"Make or buy" is a decision regularly faced by all OEMs and tier one / tier two sub-assembly manufacturing businesses. Although outwardly simple in concept, the decision actually relies on multiple variables, all of which must be considered before any meaningful conclusions can be made, especially when dealing with precision engineered components. Terry Grubb, MD from Aerospace subcontract engineering company Micro Precision looks at the decision-making process and the main considerations
One sector where this decision plays a crucial role in deciding business competitiveness on a daily basis is the aerospace industry, where Engineers and Purchasing departments already face the challenge of manufacturing on time, to the required certificated quality levels, and in variable quantities that are often difficult to judge in terms of investment payback.
Precision manufacturing is a key part of the aerospace engineering industry; the machines and consumables needed to produce parts to the correct tolerance and quality levels - often from exotic materials - usually require significant capital investment. In this instance capital outlay is obviously a major factor, but it must not be considered in isolation in what is effectively a strategic decision, which requires the consideration of many more variables.
Knowing where to start is always a problem. As well as time schedules, skills, space and spend, companies also have to consider their own core competencies, what gives them a competitive advantage, and whether they want to subcontract elements containing their own IP investment.
Modern manufacturing practices such as lean manufacturing also effectively dictate that some level of outsourcing is a foregone conclusion, as most OEMs simply do not have the necessary assets in place to make in-house manufacturing a viable and commercial proposition for every single part they require.
Looking at the basics, these questions should be addressed in the decision making process:
Schedule: Do you have the capacity to be able to produce the parts on time and to the correct quality levels, without impacting on other projects?
Skills: Do you have the personnel who possess the right skill set to manufacture the parts, potentially on new machines and from unfamiliar materials?
Space: Do you have spare floor space in which to site a new production cell?
Spend: Do you have the capital to buy in new machines and skills, and can the payback be justified? Can you also justify all the other cost elements that make up the whole, such as inventory, quality inspection / testing and maintenance?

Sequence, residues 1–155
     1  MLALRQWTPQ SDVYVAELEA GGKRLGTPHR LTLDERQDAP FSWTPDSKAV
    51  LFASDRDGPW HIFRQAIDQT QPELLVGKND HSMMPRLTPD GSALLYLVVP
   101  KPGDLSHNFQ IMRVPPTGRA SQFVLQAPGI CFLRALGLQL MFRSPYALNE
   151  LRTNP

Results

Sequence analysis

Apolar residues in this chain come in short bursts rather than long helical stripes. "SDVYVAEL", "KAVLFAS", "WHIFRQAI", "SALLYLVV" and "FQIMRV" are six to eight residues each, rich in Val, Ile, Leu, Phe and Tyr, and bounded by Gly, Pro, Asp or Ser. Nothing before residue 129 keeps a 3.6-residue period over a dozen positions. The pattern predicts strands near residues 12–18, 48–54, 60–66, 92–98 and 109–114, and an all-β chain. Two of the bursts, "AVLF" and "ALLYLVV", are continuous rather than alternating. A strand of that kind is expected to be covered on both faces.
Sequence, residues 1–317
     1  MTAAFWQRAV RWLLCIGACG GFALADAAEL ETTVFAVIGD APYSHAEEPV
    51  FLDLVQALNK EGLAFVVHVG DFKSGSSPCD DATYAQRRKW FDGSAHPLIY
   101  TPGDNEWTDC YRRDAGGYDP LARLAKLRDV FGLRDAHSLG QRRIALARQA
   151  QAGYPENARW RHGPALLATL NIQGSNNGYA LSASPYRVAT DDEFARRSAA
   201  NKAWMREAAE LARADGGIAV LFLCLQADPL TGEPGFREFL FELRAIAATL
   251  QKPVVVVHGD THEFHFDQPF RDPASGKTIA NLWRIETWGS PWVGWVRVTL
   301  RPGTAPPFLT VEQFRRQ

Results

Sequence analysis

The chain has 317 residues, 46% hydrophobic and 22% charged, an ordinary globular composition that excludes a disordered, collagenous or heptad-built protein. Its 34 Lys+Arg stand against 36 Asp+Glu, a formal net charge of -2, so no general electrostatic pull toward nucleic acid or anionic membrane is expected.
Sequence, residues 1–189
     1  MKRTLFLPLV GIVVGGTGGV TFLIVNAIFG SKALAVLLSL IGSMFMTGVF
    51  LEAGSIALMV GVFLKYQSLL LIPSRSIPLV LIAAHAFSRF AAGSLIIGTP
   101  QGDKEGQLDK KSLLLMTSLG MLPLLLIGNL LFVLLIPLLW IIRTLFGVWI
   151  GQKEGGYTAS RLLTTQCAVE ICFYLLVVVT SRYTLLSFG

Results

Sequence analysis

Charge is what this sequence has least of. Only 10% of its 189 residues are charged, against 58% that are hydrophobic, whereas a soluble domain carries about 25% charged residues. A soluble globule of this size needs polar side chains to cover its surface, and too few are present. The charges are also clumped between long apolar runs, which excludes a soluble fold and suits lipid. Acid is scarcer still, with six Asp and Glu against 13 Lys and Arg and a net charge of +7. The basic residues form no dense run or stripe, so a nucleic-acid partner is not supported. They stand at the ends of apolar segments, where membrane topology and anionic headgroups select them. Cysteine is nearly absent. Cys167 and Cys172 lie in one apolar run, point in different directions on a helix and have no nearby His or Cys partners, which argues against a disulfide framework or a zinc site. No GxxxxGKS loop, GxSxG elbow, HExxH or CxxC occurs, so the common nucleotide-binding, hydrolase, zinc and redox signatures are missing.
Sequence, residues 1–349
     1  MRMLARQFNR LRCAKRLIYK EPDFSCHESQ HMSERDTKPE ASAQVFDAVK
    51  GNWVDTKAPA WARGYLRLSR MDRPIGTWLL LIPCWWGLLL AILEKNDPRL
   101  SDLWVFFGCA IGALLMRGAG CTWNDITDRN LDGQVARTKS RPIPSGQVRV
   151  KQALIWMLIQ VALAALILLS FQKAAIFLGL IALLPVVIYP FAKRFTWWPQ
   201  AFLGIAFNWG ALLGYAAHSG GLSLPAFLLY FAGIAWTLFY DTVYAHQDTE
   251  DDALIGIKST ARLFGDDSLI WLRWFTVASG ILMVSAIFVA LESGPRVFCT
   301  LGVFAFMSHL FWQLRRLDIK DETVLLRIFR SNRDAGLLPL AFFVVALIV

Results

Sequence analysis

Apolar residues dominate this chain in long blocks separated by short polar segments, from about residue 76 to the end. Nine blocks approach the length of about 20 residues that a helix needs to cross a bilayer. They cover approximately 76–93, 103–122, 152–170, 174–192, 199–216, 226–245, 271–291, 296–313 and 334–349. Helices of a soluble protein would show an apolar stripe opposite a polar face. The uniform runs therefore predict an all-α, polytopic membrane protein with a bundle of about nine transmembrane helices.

Demonstrating what a "˜minefield' of issues this decision throws up, we can also add advice from the academic world. The book "˜World Class Supply Management' offers a rule of thumb for outsourcing. It suggests that a firm outsource all items that do not fit the following three categories:
The conclusion is that items that fit in one or more of these three categories are considered strategic in nature and should be produced internally if at all possible. However, this is by no means a "˜be-all-and-end-all' rationale. Sometimes it is just not best practice to manufacture certain components when a competent third party that shares your ideals and mindset is available as a commercially viable alternative.
When a third party is being actively considered, academia wades in again with multiple caveats, such as: the need to exert direct control over production and/or quality, design secrecy, avoiding unreliable/not competent suppliers and quantity levels that are too small to interest a supplier.
However, there are multiple compelling positives that must also be considered. These include the supplier's expertise and know-how being greater than that in-house, the fact that it might overall be far less expensive to buy than to make, suppliers may be more suited to lower-volume production runs and the supplier's capacity and capabilities exceed those of the in-house offering.
If, by the numerous contributing factors, the decision has been made to employ the services of an external subcontractor, further work is still required. In the instance of the aerospace industry - and indeed many other industries - national, international and company-specific quality standards must also be investigated.
Look for subcontractors who already have these systems in place and can demonstrate a level of quality and supply that matches those in-house. And look for companies that already have a pedigree in your industry; chances are, they have all the systems and certification in place to immediately take up and run with your requirements.
It can be a tough decision, mired with multiple pitfalls and hundreds of variables, but if looked at in a systematic manner it should become apparent fairly quickly which way your decision is likely to go.
There is no loss of face when employing external expertise; indeed, in many circumstances it will work to your advantage. Not only will it free up your schedules and personnel, but there is also an inherent level of innovation and market knowledge within the most successful subcontractors. Most can be seen as a centre of excellence because of their specialisation in what they do and the markets they serve, often passing on unique retained knowledge from one job to another. Indeed, it is not unheard of for third parties to significantly undercut your initial cost estimates because of their skills and expertise.
A very simplistic way of looking at it would be to ask yourself: "Would this company, its employees, its technology, its ethos and its capabilities look out of place if it was my machine shop?" If your answer is no, then most of the hard work has already been done.
To find out about precision engineered subcontract components from Micro Precision, go to www.microprecision.co.uk.